GFCI will not reset.

Old 11-08-14, 06:45 PM
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Lightbulb GFCI will not reset.

The way I've always noticed a problem with this GFCI, is when I go to take a shower in our master bathroom and the exhaust fan/light in the shower does not work. It took me weeks after buying our home (now 10 years old) to figure out that the GFCI switch controlling this fixture is located in the very back of my garage (about as far away as you can get from the master bathroom).

My home was originally purchased by an investor during the real estate boom, and then sat empty until it foreclosed and we became the new owners. Nothing has been modified from what was done by the builder since the home was built.

After the initial problem with the GFCI after we moved in, we really have not had any issues with it since except for one time that I overloaded one of the outdoor receptacles and that tripped the circuit.

So, just recently, the morning before our vacation, the fan/light in the master bathroom would not work. I tried to reset the GFCI in the garage, but it would not reset (kept tripping). Time was limited to get out of the house for vacation, so I left it until we returned. Now that we are back home, taking a shower and shaving the dark are not my favorite, so I've tried troubleshooting to see what was going on.

This is what I've done, although not completely in this order.

The GFCI in the garage will reset fine with the LOAD wires removed. So, the GFCI is fine. However, after nothing was working I did replace the GFCI out of desperation. The new GFCI also resets fine with the LEAD wires removed.

I believe the order of the receptacles goes like this: 1) GFCI, 2) exterior outlet garage side of home, 3) outlet inside garage, 4) exterior outlet by front door, 5) switches for bathroom fan/light (each switched separately in one location next to vanity), and 6) the actual fan/light combo fixture.

I've removed and re-tightened all wires/screws in all receptacles/fixtures. I could not find any bare wires or signs of overheating or anything else that looked abnormal.

Through lots of trial and error I've discovered that if I have the exterior outlet by the front door disconnected, that #s 1, 2, and 3 function fine. I replaced the exterior outlet by the front door, that did not resolve the problem. The problem does seem to be somewhere after the outlet inside the garage.

That's where my troubleshooting ran into a brick wall. I did not replace the switches in the bathroom, because the GFCI trips with the switches in both on and off positions, and also with the wire to the switches removed.

Any help would be greatly appreciated!

Last edited by donrull; 11-08-14 at 07:24 PM. Reason: typo
Old 11-08-14, 07:07 PM
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It sounds like the wires in the bathroom switch box, or at least a good place to check.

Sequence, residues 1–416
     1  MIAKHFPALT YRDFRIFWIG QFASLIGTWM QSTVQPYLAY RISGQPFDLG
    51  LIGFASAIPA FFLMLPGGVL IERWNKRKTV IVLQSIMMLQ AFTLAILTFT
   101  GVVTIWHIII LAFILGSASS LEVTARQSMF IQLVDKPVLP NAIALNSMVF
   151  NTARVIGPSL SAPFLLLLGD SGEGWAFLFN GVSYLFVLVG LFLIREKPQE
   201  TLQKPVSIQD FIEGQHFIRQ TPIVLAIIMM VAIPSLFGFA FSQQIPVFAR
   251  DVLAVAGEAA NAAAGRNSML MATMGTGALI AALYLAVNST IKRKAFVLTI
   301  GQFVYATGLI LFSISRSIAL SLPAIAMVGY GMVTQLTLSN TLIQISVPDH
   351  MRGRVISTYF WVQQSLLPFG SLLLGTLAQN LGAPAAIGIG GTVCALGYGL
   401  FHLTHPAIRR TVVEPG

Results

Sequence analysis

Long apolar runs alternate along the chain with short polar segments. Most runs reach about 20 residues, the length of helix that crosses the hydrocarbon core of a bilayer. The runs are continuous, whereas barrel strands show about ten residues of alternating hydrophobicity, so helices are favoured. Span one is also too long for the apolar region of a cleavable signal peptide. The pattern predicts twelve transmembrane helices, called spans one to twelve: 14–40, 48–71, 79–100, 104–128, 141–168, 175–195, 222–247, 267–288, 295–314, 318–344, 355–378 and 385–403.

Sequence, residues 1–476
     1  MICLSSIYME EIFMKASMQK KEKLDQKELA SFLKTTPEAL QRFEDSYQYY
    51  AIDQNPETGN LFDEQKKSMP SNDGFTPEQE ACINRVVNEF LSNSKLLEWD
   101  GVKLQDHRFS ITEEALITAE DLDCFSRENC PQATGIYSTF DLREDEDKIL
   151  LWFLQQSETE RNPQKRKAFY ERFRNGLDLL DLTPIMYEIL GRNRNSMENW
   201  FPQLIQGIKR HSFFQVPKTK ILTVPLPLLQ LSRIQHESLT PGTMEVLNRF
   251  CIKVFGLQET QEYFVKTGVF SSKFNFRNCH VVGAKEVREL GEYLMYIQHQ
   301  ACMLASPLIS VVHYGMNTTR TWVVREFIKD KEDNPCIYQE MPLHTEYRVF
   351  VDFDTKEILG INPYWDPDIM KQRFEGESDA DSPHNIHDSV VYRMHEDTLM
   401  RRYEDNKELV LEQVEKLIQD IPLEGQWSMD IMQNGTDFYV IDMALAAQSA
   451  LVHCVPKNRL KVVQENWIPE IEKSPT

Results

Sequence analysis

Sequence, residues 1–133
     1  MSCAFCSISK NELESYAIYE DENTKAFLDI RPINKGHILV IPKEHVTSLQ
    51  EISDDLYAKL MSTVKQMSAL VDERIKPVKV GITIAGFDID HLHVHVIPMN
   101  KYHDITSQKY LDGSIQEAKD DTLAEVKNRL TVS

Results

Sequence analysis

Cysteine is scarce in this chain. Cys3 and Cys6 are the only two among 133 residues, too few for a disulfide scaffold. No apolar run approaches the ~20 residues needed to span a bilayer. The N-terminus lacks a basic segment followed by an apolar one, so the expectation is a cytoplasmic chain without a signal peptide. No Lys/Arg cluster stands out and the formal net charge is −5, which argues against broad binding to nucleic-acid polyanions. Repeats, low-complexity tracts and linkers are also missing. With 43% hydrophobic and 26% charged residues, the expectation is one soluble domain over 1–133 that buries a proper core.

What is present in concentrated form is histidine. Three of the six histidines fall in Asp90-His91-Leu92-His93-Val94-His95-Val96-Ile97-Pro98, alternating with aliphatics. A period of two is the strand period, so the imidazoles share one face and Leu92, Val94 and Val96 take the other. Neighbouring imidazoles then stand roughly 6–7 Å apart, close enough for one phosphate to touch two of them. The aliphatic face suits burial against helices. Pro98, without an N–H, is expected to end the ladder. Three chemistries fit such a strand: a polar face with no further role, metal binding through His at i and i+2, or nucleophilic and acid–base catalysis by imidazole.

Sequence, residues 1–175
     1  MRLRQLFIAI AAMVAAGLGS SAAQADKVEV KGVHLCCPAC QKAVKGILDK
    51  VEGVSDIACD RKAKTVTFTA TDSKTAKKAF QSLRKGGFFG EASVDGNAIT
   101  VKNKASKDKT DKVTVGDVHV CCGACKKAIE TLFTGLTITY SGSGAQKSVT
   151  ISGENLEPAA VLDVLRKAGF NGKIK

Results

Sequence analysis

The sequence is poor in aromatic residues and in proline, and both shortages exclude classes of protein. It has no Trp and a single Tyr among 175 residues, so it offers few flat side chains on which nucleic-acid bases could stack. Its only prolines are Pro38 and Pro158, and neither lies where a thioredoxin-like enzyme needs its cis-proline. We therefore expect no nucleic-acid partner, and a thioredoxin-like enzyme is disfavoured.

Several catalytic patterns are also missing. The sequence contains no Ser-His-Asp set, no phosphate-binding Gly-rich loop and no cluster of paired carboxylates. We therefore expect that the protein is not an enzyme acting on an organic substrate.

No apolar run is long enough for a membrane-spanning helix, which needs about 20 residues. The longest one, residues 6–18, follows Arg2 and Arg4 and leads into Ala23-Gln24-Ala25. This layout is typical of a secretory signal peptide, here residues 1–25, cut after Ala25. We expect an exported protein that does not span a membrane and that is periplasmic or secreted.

Check all wires behind switches. Check for any nicks in wire or loose wire nuts. Remove any wire nuts, inspect connections, and replace with new wire nuts.
Old 11-08-14, 07:12 PM
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In addition to what Brian said, my vote will go to the exterior receptacles and their possible lack of code worthy bubble covers to keep water from entering them. The old flap type covers do nothing if you have something like Christmas lights plugged in to them. Incidentally they are called LOAD, not lead terminals, but who is counting, right??
Old 11-08-14, 07:24 PM
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Yes, LOAD...someone's counting...

Thanks. I'll check these again tomorrow. I did do this at least once already. I'll have my magnifying glass with me in the morning.
Old 11-08-14, 09:41 PM
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GFCI receptacles DO occasionally fail so if you cannot find the problem try replacing the GFCI receptacle.
Old 11-09-14, 05:23 AM
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Outlet by front door are the wires pigtailed or both sides used to run wires? If pigtailed that apart an see if GFCI trips that way.
Old 11-09-14, 08:15 AM
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I would pigtail the wires at the garage GFCI receptacle and wire them to the LINE terminals, allowing the feed-thru wires to be non-GFCI protected. I'd then replace the existing outside duplex receptacles with 15 amp GFCI receptacles/bubble covers with all being wired to LINE terminals ony to allow non-GFCI protected power to go to the bath fan/light. I think this will get the fan/light working and also expose the GFCI related problem.
Old 11-10-14, 12:18 PM
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Hey, I recently traced down a few GFCI tripping problems myself and would like to share some info, for what it is worth..

A neutral wire touching an earth ground will also cause the GFCI to trip.
I would first isolate if you have a hot or neutral causing the problem.
I would hook the hot up at the exterior outlet by the front door and leave the neutral disconnected.
If that resets, then I would think it would trip when you touch that neutral back to that outlet.
Then you would know you are chasing down a neutral.
Vice versa, you would know it is the hot.
It should be easier to proceed once you know that.
I also would try:
Disconnect the fan, disconnect the light, try them one at a time etc...

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